British human rights lawyer Karim Khan was elected on Friday as the new prosecutor of the International Criminal Court (ICC), a politically daunting position whose incumbent was slapped with US sanctions.
Khan, 50, previously led a special UN probe into crimes by the Islamic State in Iraq and Syria (ISIS) extremist group in which he pressed for a trial on the lines of Nuremberg for Nazi war criminals.
More controversially, he also represented late Libyan leader Moamer Kadhafi's son Seif al-Islam.
Khan will be only the third prosecutor of the ICC, taking over in June from Gambian-born Fatou Bensouda, who has outraged Washington through her investigations into the Afghanistan war and the Israeli-Palestinian conflict.
ICC nations failed to reach a consensus choice, triggering a vote in New York among four candidates in which Khan won on the second ballot with 72 votes.
In the first round, he did not win a majority but narrowly edged out Ireland's Fergal Gaynor, who has represented victims before the ICC in the Afghan war investigation and in a case against Kenyan President Uhuru Kenyatta.
The United Nations has 193 member states but only 123 are in the ICC, with the United States, Israel, China and Russia notably absent.
Khan will take on a bulging file of difficult cases at a tribunal whose legitimacy is constantly under attack.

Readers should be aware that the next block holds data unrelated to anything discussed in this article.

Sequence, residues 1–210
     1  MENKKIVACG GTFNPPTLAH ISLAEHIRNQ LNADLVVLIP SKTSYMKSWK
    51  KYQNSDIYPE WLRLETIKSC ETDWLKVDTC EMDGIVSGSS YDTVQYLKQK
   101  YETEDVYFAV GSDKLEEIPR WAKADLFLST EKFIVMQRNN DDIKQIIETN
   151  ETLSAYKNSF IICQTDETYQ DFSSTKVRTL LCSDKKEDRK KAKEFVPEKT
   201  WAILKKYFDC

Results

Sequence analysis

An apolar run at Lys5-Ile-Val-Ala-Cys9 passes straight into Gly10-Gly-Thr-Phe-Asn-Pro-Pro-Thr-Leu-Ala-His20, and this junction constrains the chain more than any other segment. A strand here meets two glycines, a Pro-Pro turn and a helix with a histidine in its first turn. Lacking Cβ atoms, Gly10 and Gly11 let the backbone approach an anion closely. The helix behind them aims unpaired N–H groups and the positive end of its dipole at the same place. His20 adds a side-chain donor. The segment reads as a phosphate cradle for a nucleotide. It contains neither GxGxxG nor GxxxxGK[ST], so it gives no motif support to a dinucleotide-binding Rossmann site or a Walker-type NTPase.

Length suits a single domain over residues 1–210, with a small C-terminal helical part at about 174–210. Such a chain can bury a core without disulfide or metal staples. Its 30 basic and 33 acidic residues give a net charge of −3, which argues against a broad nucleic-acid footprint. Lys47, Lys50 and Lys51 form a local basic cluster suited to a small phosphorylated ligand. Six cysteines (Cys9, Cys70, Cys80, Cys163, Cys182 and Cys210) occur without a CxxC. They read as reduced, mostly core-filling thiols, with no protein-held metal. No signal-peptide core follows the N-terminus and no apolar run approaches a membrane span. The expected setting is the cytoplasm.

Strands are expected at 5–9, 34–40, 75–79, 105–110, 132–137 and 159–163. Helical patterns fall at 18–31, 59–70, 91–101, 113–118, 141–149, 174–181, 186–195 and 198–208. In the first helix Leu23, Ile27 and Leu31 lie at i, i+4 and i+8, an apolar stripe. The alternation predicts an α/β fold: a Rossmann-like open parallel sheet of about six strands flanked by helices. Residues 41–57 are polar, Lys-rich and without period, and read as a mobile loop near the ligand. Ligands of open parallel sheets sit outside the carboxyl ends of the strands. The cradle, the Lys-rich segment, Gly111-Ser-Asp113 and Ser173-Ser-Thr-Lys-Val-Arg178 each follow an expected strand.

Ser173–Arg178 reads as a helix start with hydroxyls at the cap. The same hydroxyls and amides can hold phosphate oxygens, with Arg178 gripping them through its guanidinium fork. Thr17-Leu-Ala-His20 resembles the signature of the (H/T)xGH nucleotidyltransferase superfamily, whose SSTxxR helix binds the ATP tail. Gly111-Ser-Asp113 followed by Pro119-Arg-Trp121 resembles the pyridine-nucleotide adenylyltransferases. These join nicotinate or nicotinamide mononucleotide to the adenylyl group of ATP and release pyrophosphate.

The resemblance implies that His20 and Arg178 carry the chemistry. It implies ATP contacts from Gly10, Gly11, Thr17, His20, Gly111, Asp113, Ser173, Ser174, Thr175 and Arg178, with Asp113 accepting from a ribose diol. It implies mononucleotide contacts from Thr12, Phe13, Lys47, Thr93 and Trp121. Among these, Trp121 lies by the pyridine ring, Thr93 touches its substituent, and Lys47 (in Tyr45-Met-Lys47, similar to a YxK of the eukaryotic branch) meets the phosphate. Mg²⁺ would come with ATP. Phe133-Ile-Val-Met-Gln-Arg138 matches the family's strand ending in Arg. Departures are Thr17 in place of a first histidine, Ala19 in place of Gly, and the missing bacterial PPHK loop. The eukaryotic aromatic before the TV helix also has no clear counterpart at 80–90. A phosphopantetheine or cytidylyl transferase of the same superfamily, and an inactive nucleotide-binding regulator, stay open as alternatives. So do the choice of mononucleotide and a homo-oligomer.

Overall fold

The new prosecutor's first tasks will include deciding the next steps on the probe into war crimes in Afghanistan and the hugely contentious investigation into the 2014 Israel-Palestinian conflict in Gaza.
The administration of then US president Donald Trump hit Bensouda and another senior ICC official last year with sanctions including a travel ban and asset freeze after she launched the probe that includes alleged US war crimes in Afghanistan.
Israel and the United States have also strongly opposed the probe into alleged war crimes by both Israeli forces and Palestinian armed groups.
ICC judges, however, ruled last week that the court had jurisdiction over the situation in the Palestinian territories, paving the way for a full investigation after a five-year preliminary probe opened by Bensouda.
The new US administration of President Joe Biden has signaled a less confrontational line but has not said whether it will drop sanctions against Bensouda, who has attacked the unacceptable measures.
Other candidates for the job included Spanish judge Carlos Castresana, who previously headed a UN panel combating crime and corruption in Guatemala but resigned in 2010 alleging systemic attacks by power-hungry officials, and Francesco Lo Voi, an Italian prosecutor of the Mafia.